H-1B3 Subcategory: Fashion Models

Think you have what it takes to hang with Gisele Bundchen and Tyra Banks? If you want to make your big break in the modeling industry, you’ll want to move to NYC or LA, two of the fashion capitals of the world. In order to do that, you’ll need a visa to enter and work in the United States. Luckily, the H-1B3 was made just for you.

The H-1B3 is a subcategory of the H-1B visa program designed for nationally or internationally recognized fashion models. But only the cream of the crop will make it—you’ll have to demonstrate a high level of achievement that goes above the ordinary if you want to be issued an H-1B3. It could be your path to stardom or even the White House, as our current First Lady has shown.

Eligible Employers

H-1B3 holders can’t work for just anybody—top models work for top agencies. Your company, as the petitioner, will have to prove that it performs services for events with a distinguished reputation or for organizations with a record of employing prominent people. Additionally, it will have to prove to U.S. Citizenship and Immigration Services (USCIS) that you have exceptional modeling chops, or, in technical terms, that you’re “a fashion model of distinguished merit and ability”.

How can I prove that I’m “America’s Next Top Model?”

To show that you, as the beneficiary, are a fashion model “of distinguished merit and ability,” you submit documentation proving that you meet any two of the following qualifications:

  1. National or international recognition evidenced by critical reviews, articles, or news stories

  2. Performance for employers that have distinguished reputations

  3. Recognition by experts or critics

  4. Commanding a high salary relative to other models

Perhaps needless to say, H-1B3 models are not required to work in a specialty occupation for which a four-year college degree or higher is required.

(For more details on these qualifications and the relevant statute, refer to the Code of Federal Regulations, specifically here.)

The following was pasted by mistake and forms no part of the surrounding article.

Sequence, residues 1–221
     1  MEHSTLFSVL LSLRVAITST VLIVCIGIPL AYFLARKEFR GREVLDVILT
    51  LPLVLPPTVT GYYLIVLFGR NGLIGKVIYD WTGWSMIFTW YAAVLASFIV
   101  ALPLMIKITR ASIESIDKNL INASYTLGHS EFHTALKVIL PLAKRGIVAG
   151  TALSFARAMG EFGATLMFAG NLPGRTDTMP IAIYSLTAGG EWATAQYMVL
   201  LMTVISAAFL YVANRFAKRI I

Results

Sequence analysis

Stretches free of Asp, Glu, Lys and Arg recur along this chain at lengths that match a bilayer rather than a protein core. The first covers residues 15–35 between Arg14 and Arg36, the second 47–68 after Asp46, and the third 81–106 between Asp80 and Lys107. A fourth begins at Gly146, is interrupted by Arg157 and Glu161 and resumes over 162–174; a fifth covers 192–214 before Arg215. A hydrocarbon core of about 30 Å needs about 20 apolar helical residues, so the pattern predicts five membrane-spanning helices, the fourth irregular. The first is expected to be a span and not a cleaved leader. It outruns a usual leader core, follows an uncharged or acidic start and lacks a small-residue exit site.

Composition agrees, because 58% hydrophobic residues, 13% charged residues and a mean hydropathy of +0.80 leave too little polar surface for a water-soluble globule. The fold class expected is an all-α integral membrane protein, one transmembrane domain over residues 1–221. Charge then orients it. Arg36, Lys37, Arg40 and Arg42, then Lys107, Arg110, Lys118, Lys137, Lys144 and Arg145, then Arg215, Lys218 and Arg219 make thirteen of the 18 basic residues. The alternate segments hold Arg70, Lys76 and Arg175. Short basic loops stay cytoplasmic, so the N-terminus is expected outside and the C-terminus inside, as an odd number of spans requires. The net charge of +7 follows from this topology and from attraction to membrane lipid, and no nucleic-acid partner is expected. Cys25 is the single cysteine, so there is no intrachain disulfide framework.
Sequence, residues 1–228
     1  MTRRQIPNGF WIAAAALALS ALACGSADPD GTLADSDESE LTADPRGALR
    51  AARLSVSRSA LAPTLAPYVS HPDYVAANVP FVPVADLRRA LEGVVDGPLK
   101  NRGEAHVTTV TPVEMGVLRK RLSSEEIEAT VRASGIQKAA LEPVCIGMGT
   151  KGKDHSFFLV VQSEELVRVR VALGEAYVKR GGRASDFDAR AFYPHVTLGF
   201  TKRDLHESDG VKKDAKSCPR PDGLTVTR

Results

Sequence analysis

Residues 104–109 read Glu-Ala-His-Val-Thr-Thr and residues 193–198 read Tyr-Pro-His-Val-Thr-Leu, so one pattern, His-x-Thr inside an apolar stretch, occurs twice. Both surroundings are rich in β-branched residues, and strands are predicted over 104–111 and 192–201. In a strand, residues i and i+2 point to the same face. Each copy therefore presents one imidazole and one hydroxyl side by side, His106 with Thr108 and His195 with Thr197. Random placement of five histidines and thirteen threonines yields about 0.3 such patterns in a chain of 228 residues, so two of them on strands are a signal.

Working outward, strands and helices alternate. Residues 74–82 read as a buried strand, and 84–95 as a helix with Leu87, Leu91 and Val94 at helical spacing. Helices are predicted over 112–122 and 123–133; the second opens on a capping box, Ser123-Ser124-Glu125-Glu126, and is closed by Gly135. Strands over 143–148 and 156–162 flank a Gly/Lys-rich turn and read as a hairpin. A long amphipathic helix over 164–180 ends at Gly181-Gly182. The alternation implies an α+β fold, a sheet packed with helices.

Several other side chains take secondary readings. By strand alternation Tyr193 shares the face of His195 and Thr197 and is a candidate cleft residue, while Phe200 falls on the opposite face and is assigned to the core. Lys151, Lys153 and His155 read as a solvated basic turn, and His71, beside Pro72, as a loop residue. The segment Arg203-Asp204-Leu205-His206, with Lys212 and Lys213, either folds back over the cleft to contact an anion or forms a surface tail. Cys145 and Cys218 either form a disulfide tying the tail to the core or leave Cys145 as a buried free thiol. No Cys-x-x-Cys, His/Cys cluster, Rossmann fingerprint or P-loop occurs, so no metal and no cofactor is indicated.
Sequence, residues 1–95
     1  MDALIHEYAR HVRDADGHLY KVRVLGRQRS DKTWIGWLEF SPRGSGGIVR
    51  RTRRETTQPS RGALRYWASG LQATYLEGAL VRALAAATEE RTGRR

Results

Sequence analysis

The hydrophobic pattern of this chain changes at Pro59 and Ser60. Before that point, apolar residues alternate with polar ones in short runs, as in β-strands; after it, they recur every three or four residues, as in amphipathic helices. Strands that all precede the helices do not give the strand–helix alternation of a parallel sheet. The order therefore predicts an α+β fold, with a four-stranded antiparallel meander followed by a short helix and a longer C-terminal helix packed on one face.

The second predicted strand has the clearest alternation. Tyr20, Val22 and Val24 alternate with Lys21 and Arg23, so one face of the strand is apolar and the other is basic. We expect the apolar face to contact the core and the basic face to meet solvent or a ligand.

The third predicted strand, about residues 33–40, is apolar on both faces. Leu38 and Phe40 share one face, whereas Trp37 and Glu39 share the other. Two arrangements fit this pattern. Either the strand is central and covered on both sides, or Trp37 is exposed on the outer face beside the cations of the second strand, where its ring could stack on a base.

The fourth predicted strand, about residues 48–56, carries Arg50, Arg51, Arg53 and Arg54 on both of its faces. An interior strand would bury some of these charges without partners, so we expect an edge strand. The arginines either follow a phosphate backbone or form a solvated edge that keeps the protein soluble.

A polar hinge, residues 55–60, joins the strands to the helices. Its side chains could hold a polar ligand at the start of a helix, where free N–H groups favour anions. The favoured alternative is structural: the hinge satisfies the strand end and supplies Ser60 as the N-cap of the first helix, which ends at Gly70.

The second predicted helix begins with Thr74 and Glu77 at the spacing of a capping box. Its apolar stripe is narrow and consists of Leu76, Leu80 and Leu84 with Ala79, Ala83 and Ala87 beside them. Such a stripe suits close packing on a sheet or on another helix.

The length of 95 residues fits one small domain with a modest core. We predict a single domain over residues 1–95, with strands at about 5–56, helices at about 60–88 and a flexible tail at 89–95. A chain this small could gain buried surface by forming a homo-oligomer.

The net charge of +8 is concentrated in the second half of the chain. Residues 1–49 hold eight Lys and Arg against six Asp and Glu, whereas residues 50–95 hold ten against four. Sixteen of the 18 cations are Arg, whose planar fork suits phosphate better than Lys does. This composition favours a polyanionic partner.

I’m ready to hit the catwalk! How do I apply?

Applying for an H-1B3 is similar to applying for a regular H-1B visa; you can read more about that process here. In short, the steps are as follows:

  1. Your U.S. employer submits a Labor Condition Application (LCA) via ETA Form 9035 & 9035E to the U.S. Department of Labor (DOL) and have it approved.

  2. Your employer thereafter files Form I-129 (Petition for Nonimmigrant Worker) to the correct USCIS service center, along with the DOL-certified LCA.

I love this job. How long can I stay?

The initial period of authorized work for an H-1B3 holder is three years. This period may then be extended for up to two years in the first instance and after that in one-year increments for a maximum of six consecutive years. (That said, the H-1B visa in general can be extended beyond the six-year limit in some special cases, as detailed on our extensions page.)

Top models aren’t subject to the cap, right?

There is a cap on the number of H-1B visas issued every year, and models don’t get a pass because of their good looks. A total of 65,000 H-1B visas are issued each year to foreign workers, with an additional 20,000 reserved for workers with a master’s degree or higher (which typically isn’t a standard qualification of a model).

Our experienced immigration attorneys are here to guide professionals through the complicated H-1B application process, and minimize any and all confusion or challenges. We understand how important an H-1B visa is to you, whether as the employer or the prospective employee. Our seasoned staff and years-long track record of success make Zhang & Associates the natural choice to facilitate your H-1B petitions.

For more detailed information on the H-1B category, including minimum requirements and USCIS policies, refer to the following links:

General H-1B Topics

H-1B Articles


Updated 04/26/2017